Apart from tooling, I also worked on initiatives that aimed to improve our workflow as well as collaboration processes.
With the migration to Figma and some fundamental changes in the way we worked e.g. sharing links our source files vs. uploading only "final" screens onto an inspection tool like Invision or Zeplin, we needed a process in place to help designers organise and communicate their design artifacts.
Figma has an infinite canvas which means there's no starting point when you first create a file. This also means every designer will have a different way of organising their user flows, wireframes, UI, specs and design & implementation status. Naturally some methods are better than others.
From our initial review of all working files and from speaking to our partners in engineering and product, we found:
We decided to:
Each designer was already assigned to a team which belonged to a business unit (i.e. Brokerage or Lending). We assigned each "Figma team" to a business unit.
Project was used to segment the units further into verticals. Designers were assigned into their vertical (Travel Insurance, Car Insurance, Banking) and would have their own corresponding project space.
File was used for features or products within the vertical. Some designers preferred to have everything in one file, some preferred to break a complex project or product into multiple files. We left this to the designers to decide since they knew the project's complexity best.
The most important part though is the Canvas. We defined a clear hierarchy and flow to the Canvas.
From top to bottom:
From left to right:
After the initial workflow and file template was rolled out we continuously tested and improved it along the way. Some parts of the original plan was cumbersome and naturally abandoned in place of better practices.
Instead of moving screens around to show statuses:
Instead of updating the statuses of individual screens:
Riding on the initial success of our File Organisation Guideline, we also worked on improving our Design Kit documentation.
The transition from Sketch to Figma↩︎ was meant to encourage the non-core members of the design system "team" to contribute to the Design Kit. However, we later received feedback that our designers still found it daunting and more than half of the team was hesitant or lack confidence in contributing to the Design Kit.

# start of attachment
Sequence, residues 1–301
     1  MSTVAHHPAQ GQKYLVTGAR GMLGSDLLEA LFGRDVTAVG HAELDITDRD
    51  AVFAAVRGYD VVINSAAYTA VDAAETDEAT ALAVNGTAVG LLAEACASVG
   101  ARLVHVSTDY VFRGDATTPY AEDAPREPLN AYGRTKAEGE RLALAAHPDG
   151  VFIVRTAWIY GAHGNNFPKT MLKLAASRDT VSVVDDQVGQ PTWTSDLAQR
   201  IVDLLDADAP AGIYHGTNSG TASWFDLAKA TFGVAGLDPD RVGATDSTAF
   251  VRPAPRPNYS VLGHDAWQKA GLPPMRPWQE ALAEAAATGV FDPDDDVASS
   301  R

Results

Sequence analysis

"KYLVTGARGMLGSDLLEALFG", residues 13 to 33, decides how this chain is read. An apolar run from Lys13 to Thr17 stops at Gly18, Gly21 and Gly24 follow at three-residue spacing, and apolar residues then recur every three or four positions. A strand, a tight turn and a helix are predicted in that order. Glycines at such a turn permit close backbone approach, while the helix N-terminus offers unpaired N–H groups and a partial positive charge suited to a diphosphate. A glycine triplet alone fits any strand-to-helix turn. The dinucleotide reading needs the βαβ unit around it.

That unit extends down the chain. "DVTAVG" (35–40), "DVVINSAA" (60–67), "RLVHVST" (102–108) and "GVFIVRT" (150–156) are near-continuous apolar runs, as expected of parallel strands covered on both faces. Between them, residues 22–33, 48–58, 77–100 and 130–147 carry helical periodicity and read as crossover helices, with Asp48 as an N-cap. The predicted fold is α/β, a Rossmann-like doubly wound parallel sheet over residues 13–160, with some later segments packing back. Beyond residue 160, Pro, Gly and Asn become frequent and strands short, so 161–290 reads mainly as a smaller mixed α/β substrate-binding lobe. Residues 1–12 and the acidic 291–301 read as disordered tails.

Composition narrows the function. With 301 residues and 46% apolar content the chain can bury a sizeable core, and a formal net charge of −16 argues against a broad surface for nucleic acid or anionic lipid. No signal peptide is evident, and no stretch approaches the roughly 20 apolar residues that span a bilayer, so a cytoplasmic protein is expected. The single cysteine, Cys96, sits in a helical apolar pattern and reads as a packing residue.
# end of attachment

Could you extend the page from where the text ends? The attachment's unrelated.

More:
A detailed guideline of how our Design Kit was structured, was also included and updated to the latest version based on our design system refresh plan.
We also took the opportunities to further document best practices so this knowledge didn't get lost amongst designers of different skill levels for example:
To set the right expectation going in, we also drafted a documentation "guideline for our guideline" 😄 loosely based on Material Design.
However in order to further provide context for our designers as well as help new designers level up in tooling, we also added:
Similar to any other designers who work in cross functional teams, each of our designer needed to embrace simultaneously 2 team cultures:
Despite having processes for Team Updates and Design Review in place, we started facing new challenges as we transitioned into this squad model late 2018 and early 2019:
"While all of these smaller teams (e.g. squads) mostly operate independently, it’s important that they remain in contact." – Org Design for Design Orgs, Peter Merholz, Kristin Skinner
In order to decide where designers should be allocated we outlined criteria for consideration:
We formalized this into different sessions that designers could take initiative to conduct and outlined the topic of discussion for each session to make the best out of the relationship: